Wanting to succeed provides First-Generation college students with a lot of pressure and it can lead to the desire of perfectionism. College students tend to want to be successful when they enter college but instead of feeling more success at the top, students tend to have very low confidence in their ability to achieve greater levels of success (Hartley 118). These students often start to compare their success with other students’ success. “ Perhaps more important, it has pinpointed the family and other experiences that determine whether someone is likely to strive in a healthy way for demanding yet realistic and flexible goals or becomes a neurotic perfectionist, hooked on success, constantly reaching for demanding goals but never happy with the result” (Hartley 120). In other words, the expectation that is placed on them by their family can be one of the leading factors for the students to want to be perfect and not notice their success. The dean of Harvard even emphasized how these parental expectations that the students often place on themselves can lead to suicide (Hartley 123). In other words, a student’s success does not only depend on the academic aspect of college, but it also depends on mental health and on expectations and values that their family places on them.

Contrary to popular belief, the parents of first-generation college students of color  help their children. Although not academically, the parents of first-generation students do help them in the emotional aspect of applying and entering college. Parents are actually experiencing the same things that their children are experiencing at the same time (Harper et al). A parent’s mindset will affect and influence shaping the “views, expectations, and experiences about college” (Harper et al 540), that First-Generation college students of color have. It’s very difficult for parents of first generation students parents to be involved when it comes to helping their children because they tend to feel unwelcome when it comes to their childrens’ school setting (Harper et al). In other words “Parental support is associated with the academic adjustment and success of  Latino students from lower-income backgrounds (ONG, Phinney, & Dennis, 2006)” (Harper et al 542). This explains that having a good parent to child relationship helps a lot of first generation students to be more successful in college and essentially more successful in the transition from being a child to becoming an adult. In other words, although their parents cannot provide a college student with academic support or their studies they often provide financial and emotional support (Harper et al 520). Families encourage their children to attend and perform well in institutions whether it is directly or not so direct (Hodge 132). It is even argued that first-generation students’ parents have a higher influence on first-generation students of color then tutors and their peers do.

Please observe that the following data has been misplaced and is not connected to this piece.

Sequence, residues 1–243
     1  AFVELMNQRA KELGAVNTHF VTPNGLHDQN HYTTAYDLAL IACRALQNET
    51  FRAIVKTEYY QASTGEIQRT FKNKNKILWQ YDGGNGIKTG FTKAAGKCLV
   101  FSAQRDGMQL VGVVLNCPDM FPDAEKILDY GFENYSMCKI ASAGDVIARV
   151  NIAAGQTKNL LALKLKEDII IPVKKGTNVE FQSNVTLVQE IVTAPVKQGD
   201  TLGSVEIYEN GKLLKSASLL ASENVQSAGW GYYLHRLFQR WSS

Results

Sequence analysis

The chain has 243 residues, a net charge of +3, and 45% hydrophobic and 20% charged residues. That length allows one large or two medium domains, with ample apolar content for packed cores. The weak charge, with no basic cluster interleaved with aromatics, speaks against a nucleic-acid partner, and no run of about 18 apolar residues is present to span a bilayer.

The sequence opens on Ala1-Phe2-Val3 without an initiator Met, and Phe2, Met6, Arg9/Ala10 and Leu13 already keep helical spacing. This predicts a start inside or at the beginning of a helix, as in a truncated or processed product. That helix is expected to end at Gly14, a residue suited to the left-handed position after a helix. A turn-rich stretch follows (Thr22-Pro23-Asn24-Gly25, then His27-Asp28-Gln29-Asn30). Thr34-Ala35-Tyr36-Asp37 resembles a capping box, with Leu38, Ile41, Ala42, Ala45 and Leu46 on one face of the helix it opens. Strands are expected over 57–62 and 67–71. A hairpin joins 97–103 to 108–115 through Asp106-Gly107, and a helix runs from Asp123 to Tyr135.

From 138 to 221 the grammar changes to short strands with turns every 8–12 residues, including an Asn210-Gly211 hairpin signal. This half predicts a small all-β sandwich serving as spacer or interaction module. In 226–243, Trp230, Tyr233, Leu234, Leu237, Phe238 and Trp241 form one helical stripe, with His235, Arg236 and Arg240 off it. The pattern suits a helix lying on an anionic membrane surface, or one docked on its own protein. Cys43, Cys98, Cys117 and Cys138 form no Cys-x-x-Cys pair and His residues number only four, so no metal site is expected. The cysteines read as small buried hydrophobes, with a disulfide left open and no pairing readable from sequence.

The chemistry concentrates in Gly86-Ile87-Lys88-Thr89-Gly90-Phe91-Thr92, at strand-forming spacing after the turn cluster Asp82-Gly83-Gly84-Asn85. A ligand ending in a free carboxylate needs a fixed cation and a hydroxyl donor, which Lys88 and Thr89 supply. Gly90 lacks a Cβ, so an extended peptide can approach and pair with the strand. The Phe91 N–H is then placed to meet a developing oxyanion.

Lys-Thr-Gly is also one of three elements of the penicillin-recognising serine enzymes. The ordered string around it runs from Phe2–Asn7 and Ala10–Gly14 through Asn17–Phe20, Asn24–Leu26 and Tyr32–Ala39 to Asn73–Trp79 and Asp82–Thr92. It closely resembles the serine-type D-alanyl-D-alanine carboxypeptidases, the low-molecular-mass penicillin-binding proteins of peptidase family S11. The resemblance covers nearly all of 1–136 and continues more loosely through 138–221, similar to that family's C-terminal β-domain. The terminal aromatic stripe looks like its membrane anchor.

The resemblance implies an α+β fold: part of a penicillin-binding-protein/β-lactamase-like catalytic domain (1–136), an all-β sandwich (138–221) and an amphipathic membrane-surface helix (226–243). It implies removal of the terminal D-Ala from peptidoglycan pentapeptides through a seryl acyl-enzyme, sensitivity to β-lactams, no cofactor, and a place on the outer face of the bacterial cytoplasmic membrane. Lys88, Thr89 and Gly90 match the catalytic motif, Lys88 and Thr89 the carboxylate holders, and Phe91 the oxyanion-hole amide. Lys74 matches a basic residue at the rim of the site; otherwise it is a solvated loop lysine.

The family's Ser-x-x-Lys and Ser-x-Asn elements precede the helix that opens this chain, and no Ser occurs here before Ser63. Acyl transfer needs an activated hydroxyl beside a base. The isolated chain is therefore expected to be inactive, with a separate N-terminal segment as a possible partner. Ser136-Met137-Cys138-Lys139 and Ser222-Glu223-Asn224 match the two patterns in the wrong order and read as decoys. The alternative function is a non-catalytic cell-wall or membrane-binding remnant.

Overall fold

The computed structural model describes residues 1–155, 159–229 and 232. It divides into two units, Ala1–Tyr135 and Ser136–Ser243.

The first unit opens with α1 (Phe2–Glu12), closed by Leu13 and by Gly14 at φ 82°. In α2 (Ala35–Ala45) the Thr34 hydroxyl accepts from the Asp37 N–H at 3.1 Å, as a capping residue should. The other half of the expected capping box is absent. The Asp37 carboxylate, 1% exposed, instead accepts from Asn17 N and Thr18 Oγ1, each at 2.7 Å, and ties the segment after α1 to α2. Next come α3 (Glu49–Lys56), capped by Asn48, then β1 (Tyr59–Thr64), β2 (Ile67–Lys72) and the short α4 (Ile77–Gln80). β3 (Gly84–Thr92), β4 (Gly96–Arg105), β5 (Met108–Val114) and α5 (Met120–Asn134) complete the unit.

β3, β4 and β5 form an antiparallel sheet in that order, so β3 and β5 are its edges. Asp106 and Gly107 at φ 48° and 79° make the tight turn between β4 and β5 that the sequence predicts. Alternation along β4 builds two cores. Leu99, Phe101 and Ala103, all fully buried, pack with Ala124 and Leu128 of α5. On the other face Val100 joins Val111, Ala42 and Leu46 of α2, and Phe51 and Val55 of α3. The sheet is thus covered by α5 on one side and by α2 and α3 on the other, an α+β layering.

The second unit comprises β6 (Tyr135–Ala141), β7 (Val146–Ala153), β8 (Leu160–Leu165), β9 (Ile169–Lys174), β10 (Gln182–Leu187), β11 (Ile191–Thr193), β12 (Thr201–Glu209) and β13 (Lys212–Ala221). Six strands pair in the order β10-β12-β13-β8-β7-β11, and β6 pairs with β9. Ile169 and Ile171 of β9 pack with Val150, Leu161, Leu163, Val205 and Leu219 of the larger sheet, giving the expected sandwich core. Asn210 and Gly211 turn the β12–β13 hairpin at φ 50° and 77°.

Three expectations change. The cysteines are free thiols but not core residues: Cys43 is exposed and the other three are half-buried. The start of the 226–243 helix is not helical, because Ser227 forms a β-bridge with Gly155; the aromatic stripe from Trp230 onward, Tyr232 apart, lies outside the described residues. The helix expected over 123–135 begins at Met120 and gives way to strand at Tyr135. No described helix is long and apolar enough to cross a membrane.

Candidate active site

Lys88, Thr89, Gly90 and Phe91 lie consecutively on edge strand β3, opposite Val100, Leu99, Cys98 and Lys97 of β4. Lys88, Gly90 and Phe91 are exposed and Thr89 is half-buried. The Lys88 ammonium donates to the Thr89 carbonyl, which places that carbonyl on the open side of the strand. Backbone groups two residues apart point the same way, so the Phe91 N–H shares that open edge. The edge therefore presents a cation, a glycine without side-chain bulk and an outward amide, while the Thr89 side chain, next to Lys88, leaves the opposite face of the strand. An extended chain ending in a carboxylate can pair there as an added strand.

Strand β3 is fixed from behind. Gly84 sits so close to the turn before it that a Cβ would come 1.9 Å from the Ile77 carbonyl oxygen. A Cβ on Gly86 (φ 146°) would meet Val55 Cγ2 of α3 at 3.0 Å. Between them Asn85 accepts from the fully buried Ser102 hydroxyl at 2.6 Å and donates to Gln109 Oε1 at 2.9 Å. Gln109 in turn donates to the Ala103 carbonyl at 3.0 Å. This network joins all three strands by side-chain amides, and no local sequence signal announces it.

In order to make a student’s parents feel more comfortable and feel more familiar with their childrens’ studies, there needs to be support and representation in schools. Representation in schools and the representation of one’s culture is important in order for one to feel comfortable in an academic environment (Kalbakin). Parents express particular appreciation to programs that help them and for organization of student structured programs (Harper et al). When their student enrolls in a college dynamics change and first-generation students start to gain  and there starts to be more responsibility for students to be independent  and to make their own decisions. This sis why it is important for parents  to be comfortable and to feel represented in academic institutions because if they feel comfortable to be able to help their children whether it be emotionally or through any other way.

Parents help their children motivate their children to do better academically. Parent’s play a great role in their children being motivated (Dennis et al).  Considering that their peers might have negative influences on them, family can motivate students to endure through college. However, that motivation and expectations from their parents can turn into perfectionism and students can start to struggle to meet their expectations that their parents set on them (Hartley). Those pressures can lead students to sucicide and it can lead them to drop out of college as well (Hartley). Parents should learn and understand that their children suffer if they are constantly told the things that the parents want their children to and the expectations that they have for them. It’s best for parents to just support their children and build up their character so that their children don’t suffer because of the expectations that not only they put on their children but the expectations that the students put on themselves.